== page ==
A sculpture built from clay taken from the Passchendaele battlefield site representing soldiers from each side of the conflict has been unveiled at the National Memorial Arboretum as part of the centenary commemorations of one of the most notorious battles of the First World War.
Professor Stephen Dixon from Manchester School of Art at Manchester Metropolitan University has crafted an ‘everyman’ composite sculpture inspired by photographs of soldiers from the six nations involved in the battle.
The metre-high portrait is the central feature of the Arboretum’s new ‘Passchendaele: Mud and Memory' exhibition, using clay from both the Wienerberger Quarry and Brickworks, located on the Passchendaele battlefield site, as well as local Staffordshire clay.
Two of the subjects depicted in the piece are Lieutenant Colonel Harry Moorhouse, and his son Captain Ronald Moorhouse who were both posted to the 4th Battalion of the King’s Own Yorkshire Light Infantry in the 49th Division. Harry was wounded on two occasions, but he always insisted on returning to his unit, until eventually he was in command with the rank of Lieutenant Colonel.
On 9 October 1917, the battalion was called up from divisional reserve to support the assault troops who had come under heavy fire. Ronald led his company in assault of the first objective, when he was wounded at the head of his men. On hearing of his son’s injuries, Harry left battalion headquarters to come to his aid, but was shot dead by a sniper when he sought medical assistance. Ronald was unable to survive his injuries and died on the battlefield, and when the attack broke down forcing the battalion to retreat to it’s starting position, both bodies were abandoned, never to be recovered. Lieutenant Colonel Harry Moorhouse and Captain Ronald Moorhouse are now both commemorated by name on the Tyne Cot Memorial.
The exhibition opened in the Arboretum’s Landscapes of Life Temporary Gallery on 8 July 2017 and will be on display until autumn. Professor Dixon has visited the site to demonstrate to visitors the press moulding process involved in the creation of the ‘everyman’ sculpture.
Artefacts from the conflict
Other elements of the exhibition focus on the evocative power of historical artefacts from the conflict, many of which Professor Dixon has collected himself. The inspiration for the exhibition came from handling these objects, and experiencing a material and emotional connection with the daily lives lives of individual soldiers from the First World War.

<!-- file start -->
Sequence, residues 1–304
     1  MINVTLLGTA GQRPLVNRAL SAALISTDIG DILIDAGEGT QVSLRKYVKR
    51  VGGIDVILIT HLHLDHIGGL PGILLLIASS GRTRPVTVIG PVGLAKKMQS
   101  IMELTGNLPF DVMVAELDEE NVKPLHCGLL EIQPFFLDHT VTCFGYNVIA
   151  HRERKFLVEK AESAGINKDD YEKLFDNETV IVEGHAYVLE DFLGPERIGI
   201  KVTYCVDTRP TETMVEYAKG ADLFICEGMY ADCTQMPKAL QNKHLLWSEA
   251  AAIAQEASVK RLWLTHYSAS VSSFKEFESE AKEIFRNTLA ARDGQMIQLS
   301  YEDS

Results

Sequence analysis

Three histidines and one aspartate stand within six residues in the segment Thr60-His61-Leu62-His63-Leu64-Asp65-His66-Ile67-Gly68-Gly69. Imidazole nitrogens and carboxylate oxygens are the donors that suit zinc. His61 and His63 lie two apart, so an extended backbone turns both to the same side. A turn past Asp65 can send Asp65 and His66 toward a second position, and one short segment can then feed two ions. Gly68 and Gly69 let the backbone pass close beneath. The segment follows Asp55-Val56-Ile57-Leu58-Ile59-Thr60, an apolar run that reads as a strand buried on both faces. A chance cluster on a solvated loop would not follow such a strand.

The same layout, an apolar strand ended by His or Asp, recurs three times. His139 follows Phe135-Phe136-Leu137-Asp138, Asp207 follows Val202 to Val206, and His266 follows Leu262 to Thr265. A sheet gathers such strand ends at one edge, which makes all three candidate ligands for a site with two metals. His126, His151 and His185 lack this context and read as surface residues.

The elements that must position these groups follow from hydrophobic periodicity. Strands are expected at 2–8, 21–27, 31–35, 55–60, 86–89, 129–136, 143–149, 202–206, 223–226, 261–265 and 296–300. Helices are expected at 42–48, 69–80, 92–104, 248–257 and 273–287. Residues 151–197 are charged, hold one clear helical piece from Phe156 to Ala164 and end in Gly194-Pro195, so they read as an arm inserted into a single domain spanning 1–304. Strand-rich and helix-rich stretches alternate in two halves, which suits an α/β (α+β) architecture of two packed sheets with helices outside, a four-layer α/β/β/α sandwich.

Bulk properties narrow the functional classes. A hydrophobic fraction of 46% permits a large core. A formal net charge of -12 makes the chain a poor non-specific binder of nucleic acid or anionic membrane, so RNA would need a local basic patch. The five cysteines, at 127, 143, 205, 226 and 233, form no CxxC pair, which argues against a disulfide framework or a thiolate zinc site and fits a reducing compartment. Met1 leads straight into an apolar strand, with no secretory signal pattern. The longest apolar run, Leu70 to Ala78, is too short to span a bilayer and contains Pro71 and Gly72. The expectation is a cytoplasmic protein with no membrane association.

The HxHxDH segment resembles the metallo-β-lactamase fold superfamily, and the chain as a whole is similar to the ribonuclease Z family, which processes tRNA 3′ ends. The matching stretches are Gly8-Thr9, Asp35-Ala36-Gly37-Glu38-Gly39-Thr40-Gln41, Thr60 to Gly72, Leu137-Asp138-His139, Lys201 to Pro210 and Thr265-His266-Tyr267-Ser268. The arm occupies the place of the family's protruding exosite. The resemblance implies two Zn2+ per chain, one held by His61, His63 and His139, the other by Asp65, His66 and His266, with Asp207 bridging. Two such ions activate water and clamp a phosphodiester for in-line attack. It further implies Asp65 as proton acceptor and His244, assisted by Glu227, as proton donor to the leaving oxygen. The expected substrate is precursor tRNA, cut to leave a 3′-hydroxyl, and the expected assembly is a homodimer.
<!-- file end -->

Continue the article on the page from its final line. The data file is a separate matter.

Stephen Dixon is Professor of Contemporary Crafts and leader of the Crafts Research Group at Manchester School of Art. His practice-led research investigates socio-political narratives in contemporary ceramics, particularly in relation to conflict and commemoration. Recent work has focused on the material resonance of archives and collections, and the ability of historical objects to engage with the contemporary imagination.
The Arboretum’s cultural offering has expanded greatly since the construction of the new Remembrance Centre. It features new galleries for temporary exhibits, and Landscapes of Life; a permanent interactive feature of the Remembrance Centre, where visitors can delve into the vibrant history of Remembrance, exploring Remembrance practices from the Bronze Age to the present day. It is interactive, with audio visual activities, historical artefacts, and a ‘Memory Booth’, where visitors can leave messages of Remembrance.
Professor Stephen Dixon, Manchester School of Art, said: “The genesis of the project was a conversation about the brick-works on the Passchendaele battlefield site, and the possibility of getting clay from there to make a commemorative piece on the 100th anniversary of the battle. Passchendaele is known for its horrific muddy conditions, and the idea of making a sculpture out of the actual ‘stuff’ of the battlefield attracted me to the project. This chimed with my longer-term research interests in the material culture of the First World War; I have built a collection of personal, resonant and emotive objects, excavated from First World War battlefields, which also features in the exhibition”
Kathryn Rogerson, Exhibitions Officer, National Memorial Arboretum, said: “Temporary exhibitions are a key part of our cultural offering, allowing us to engage new audiences and explore artistic methods of Remembrance. We are delighted to host this new exhibition from noted sculptor Stephen Dixon, bringing part of Passchendaele’s battlefield to the Arboretum through an imposing mud masterpiece.”